February 1, 2006
Now that Benton is well on the road to recovery from his salmonella/pneumonia/abscesses-in-leg-muscles-and-bones experience, he’s back to going to school full time, and I’m back to driving him there at 7:00 in the morning. I could probably start up a separate blog solely devoted to our exchanges. He’s not so much entertaining in the “funny things kids say” genre, but more entertaining in a “six-year-olds can have a pretty interesting perspective as they try to figure things out” kind of way.
Last Saturday evening, we went over to some friends of ours — the Herberts — for dinner. The Herberts have two kids — Jordan, who is 9 or 10, and Jack, who is 7. So, Jack and Benton are roughly the same age (they play baseball in the same league). Jordan likes to take over and direct all the kids. Carson — when in the right mood — is happy to participate in directed play. The Herberts have a trampoline, and they live on a cul-de-sac where a number of the other houses have kids as well. And, the final bonus, the cul-de-sac is not particularly flat. There are lots of sloping driveways into it, and the cul-de-sac itself actually slopes down in the direction of the outlet.
We took over the Green Machine that Santa brought Benton and Carson for Christmas, as well as the Razor A Scooters that my parents got for them (hmmm…just saw that these are rated for ages 8-12, and they were given to a six-year-old and a four-year-old; good thing, I guess, that they got all possible protective gear, too). Jack also has a scooter, as do several of the other kids in the cul-de-sac. The kids had a ball — an amorphous pack of energy flowing rapidly around the cul-de-sac and up and down various driveways. A bicycle got thrown into the mix, too. There was the occasional wipe-out, but Bob (the Male Herbert Parent) and I were able to kick back, drink beer, and generally hang out and solve the world’s problems (we’re very good at this — do it quite often) while keeping tabs on the chaos. We made a fire in the backyard so the kids could roast hot dogs, and then, after dinner, Jennifer (the Female Herbert Parent) brought out sparklers for the kids to play with.
Needless to say, Benton and Carson had a ball (although Carson later insisted, while scowling aggressively, that nobody would play with him the whole time). They both wanted to go back on Sunday afternoon. Now, I’ve had plenty of experience trying to recreate an exceptionally good time by going to the same place with the same people and doing the same thing. It’s almost never as much fun the second time around. Not even close.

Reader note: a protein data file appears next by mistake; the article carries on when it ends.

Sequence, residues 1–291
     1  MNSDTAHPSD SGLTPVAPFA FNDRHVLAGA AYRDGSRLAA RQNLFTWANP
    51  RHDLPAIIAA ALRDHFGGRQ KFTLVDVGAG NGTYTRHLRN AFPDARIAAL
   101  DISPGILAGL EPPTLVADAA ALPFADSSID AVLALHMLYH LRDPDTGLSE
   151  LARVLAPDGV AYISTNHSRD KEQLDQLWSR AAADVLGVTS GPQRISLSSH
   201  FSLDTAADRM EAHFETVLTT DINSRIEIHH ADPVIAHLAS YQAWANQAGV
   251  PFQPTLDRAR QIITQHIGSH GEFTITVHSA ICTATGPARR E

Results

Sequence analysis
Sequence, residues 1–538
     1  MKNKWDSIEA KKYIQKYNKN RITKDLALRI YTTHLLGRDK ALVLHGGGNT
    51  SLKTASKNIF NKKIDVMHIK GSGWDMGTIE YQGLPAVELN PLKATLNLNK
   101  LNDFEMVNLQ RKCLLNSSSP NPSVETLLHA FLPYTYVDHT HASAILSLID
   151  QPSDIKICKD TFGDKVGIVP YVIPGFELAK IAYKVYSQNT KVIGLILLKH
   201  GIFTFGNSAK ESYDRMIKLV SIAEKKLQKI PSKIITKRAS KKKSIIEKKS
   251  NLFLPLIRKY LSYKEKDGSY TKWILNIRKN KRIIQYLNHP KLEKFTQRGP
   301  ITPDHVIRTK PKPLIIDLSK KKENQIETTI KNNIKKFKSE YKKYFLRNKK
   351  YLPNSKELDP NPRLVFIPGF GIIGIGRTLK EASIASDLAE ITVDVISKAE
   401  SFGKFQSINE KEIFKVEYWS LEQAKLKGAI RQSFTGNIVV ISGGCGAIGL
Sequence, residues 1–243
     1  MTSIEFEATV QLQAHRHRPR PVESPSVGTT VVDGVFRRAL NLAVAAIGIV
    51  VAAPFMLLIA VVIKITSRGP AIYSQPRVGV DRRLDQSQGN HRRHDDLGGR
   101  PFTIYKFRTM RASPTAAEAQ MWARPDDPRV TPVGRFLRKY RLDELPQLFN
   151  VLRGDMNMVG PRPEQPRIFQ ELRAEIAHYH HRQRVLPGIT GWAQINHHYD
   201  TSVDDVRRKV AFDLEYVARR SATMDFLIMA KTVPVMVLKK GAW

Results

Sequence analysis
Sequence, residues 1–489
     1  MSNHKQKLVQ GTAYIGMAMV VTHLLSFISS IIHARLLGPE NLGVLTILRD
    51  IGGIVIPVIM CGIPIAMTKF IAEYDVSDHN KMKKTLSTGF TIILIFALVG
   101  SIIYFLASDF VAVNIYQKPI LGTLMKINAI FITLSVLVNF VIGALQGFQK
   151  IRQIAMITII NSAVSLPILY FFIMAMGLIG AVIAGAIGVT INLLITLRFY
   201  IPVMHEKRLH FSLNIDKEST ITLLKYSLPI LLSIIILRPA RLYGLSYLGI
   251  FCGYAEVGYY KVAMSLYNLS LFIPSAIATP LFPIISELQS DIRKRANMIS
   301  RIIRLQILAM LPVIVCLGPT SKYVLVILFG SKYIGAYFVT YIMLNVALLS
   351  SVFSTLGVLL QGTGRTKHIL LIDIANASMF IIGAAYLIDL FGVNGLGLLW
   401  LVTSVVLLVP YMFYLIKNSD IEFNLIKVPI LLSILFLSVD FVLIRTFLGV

As it turned out, we weren’t able to make it back over on Sunday. Lots of other things were going on, and we opted for getting the kids down to bed early in preparation for the week. But, Benton has stayed on topic all week, and we’ve discussed it on the drive to school two of the last three mornings. I made the innocent enough comment that I just made above — that, even if we’d gone back on Sunday, it probably would not have been as much fun. Benton wanted to know why. This forced me to try to figure out why that was.
My take is that, in most cases, there is not a high expectation that any activity will be super-enjoyable. So, if it is, part of the pleasure is the surprise at how much fun it is. It’s a totally different mindset when attempting a repeat, as the expectation is that it will be super-enjoyable. Higher expectations are harder to live up to. And, there are too many variables in life to realistically recreate much of anything. I pointed out to Benton that the other kids that live on the cul-de-sac might not be out playing, that the weather could be warmer or cooler, that somebody might just be in a bad mood, that there would not be sparklers. All of those factors might affect how much fun he would have.
He’s been pondering it and tried to tell me why I think it won’t be as much fun. But, he clearly still doesn’t buy it.
The irony that just hit me: I’m flying out to San Diego this Friday with Bill Hackett to attend the opening series of the 2006 UT baseball season. In large part, this is because, last year, I flew out to San Diego with Bill Hackett to attend the opening series of the 2005 UT baseball season, and we had a blast. We’ll see how it goes this time!
I’d promised an update. Through Priceline, we got a hotel for $85/night at the Hyatt Regency Islandia. According to their site, their normal rate is $189/night for weekends, and $169/night for weekdays, so it looks like we’re making out okay.